At the National Rifle Association, her events were known for their extravagance. That could mean paying Rascal Flatts $315,000 to play a half hour acoustic set at a luncheon, or serving chilled Maine lobster, duck foie gras Wellington, and Champagne at an intimate gathering in the penthouse of a Four Seasons Hotel. Susan LaPierre, the wife of the NRA’s leader, Wayne LaPierre, brought a consistent style to the organization’s efforts to raise money from wealthy women, which she led until late last year. Her proximity to power gave her access to vast resources.

In 2013, Susan became president of a small, Virginia-based Christian charity called Youth for Tomorrow. Started by the former Washington Redskins football coach Joe Gibbs in 1986, YFT has nothing to do with guns and instead provides a range of services to struggling families, including a residential program for at-risk children. It is a darling of conservative elites in the Washington, D.C., area, and most of its yearly revenue, which is a tiny fraction of the NRA’s, comes from a grant from the U.S. Department of Health and Human Services.

Despite the monetary constraints, during Susan’s time as YFT president, a period that extended through 2018, her approach to fundraising was similar to the one she took at her husband’s organization. And on multiple occasions, when country music stars were booked to play YFT’s annual Valentine’s Day party, the NRA stepped in to cover entertainment costs, according to interviews and invoices obtained by The Trace. The financial records pertain to events that featured performances by Brad Paisley, Lindsay Ell, and Alan Jackson. In addition, the NRA covered fees associated with the singer Hannah Kerr, according to a source familiar with the matter. 

The invoices, issued by a live production company called 46 Entertainment, show that the parties featuring Jackson and Paisley cost the NRA over $76,000. The payments were never disclosed in the gun group’s tax filings, and raise fresh concerns over self-dealing at the organization. “That’s theft,” said James Fishman, a leading nonprofit law expert, when told about the payments. “Taking money that belongs to one organization and spending it on another, with zero benefit to the NRA.”

New York Attorney General Letitia James sued to dissolve the NRA for a pattern of self-dealing in August 2020. The allegations against LaPierre have mainly involved his relationships with contractors, gifts he and Susan received from them, and costly travel expenses, like his family’s use of private jets on the NRA’s dime. YFT is not named in the complaint, but it appears to be referenced in one of the claims, which concerns a “pass-through arrangement” with the NRA’s then-public relations firm, Ackerman McQueen. The arrangement, the complaint asserts, was used to “pay for expenses related to a charity whose affiliation to the NRA was not through its mission, but rather through LaPierre’s wife, who served as the president of its board of trustees in 2017 and 2018,” the years in which the performances occurred. In January, the Attorney General’s Office, which declined to comment for this story, subpoenaed Susan, requesting documents relating to YFT.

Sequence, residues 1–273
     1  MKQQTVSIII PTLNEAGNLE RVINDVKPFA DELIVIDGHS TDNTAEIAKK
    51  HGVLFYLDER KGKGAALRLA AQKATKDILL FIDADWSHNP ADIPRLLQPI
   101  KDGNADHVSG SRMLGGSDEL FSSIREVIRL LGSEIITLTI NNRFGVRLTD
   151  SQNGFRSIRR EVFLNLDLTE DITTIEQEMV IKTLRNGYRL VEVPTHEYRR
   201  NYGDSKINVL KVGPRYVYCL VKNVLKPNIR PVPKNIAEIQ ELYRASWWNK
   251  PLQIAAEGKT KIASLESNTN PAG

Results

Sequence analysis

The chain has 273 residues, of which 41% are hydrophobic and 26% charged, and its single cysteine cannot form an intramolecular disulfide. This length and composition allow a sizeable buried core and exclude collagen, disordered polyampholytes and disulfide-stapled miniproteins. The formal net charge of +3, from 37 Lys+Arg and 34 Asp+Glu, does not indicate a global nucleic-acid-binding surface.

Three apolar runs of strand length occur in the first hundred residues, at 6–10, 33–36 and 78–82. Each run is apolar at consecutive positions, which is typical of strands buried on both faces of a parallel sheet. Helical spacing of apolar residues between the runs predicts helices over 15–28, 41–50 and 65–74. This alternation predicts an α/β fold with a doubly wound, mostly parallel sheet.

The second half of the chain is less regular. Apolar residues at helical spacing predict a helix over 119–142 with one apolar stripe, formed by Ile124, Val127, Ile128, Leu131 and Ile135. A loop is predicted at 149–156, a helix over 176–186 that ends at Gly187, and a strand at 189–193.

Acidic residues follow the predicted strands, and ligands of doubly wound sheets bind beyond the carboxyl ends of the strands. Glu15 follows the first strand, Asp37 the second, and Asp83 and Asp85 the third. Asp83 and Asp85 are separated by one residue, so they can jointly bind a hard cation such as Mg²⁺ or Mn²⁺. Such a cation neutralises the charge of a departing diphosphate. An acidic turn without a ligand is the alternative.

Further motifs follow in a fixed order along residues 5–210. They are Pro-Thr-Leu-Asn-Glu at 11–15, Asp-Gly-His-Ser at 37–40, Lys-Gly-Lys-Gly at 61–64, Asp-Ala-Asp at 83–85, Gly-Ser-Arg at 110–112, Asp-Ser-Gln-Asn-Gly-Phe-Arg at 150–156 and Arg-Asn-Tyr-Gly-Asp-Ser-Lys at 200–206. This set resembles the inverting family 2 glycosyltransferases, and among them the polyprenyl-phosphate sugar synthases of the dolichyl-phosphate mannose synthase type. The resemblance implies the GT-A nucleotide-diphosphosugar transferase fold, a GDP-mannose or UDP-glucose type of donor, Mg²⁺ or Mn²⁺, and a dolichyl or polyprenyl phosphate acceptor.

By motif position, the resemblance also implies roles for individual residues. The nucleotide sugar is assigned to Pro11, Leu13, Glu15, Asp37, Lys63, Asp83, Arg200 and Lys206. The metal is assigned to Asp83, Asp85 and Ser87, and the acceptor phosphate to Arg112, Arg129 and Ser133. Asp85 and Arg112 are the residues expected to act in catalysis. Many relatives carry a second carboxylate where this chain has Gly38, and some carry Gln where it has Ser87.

The NRA denies or disputes many of the AG’s claims and characterizations, including the allegation that seems to concern YFT. “The NRA’s support and sponsorship of Youth for Tomorrow events is widely known,” Andrew Arulanandam, the gun group’s managing director of public affairs, told The Trace. “The Association views its support of certain community-based charities as a relationship that mutually benefits the NRA and the charity.” 

The Trace previously reported that the NRA Foundation served as a leading sponsor for multiple YFT events, totaling nearly $200,000. These payments were also not disclosed in the NRA’s tax filings. As with the Valentine’s Day party costs, Arulanandum said the NRA’s “support of Youth for Tomorrow was endorsed by the Audit Committee of the board of directors.”

YFT did not respond to a request for comment, but 46 Entertainment told The Trace, “We are proud to support Youth for Tomorrow and commend their efforts on behalf of at-risk youth.”

During Susan’s tenure as president of YFT’s board, her signature fundraising event was the Heart 2 Heart Gala, an exclusive gathering that took place at the Ritz Carlton in Tysons Corner, Virginia. The attire was formal, and attendees danced to live entertainment and participated in the Sweetheart Benefit Raffle, which featured a Toyota Tundra truck. In 2017, there were 900 guests. According to a YFT newsletter, Hannah Kerr played three original songs, and Alan Jackson “performed a spectacular show.” The NRA was billed $32,775.02, according to one of the invoices, which was labeled “Youth for Tomorrow-Invoice.” Kerr, meanwhile, cost the NRA at least $5,000, the source said.

At the 2018 gala, Brad Paisley was the main attraction. “Everyone were [sic] on their feet dancing and singing to many of his hits including, ‘Mud on the Tires’ and ‘Then’,” a YFT newsletter said. At one point, another country artist, Lindsay Ell, joined Paisley on stage for a duet. For that event, the NRA received two invoices. One, for $38,373.00, did not contain a breakdown of costs, and instead simply referred to a YFT “balance” and the date of the gala, which was February 10. The other, for $5,323.87, was titled “Youth for Tomorrow Additions” and covered items like Ell’s guitar amp and a golf cart rental.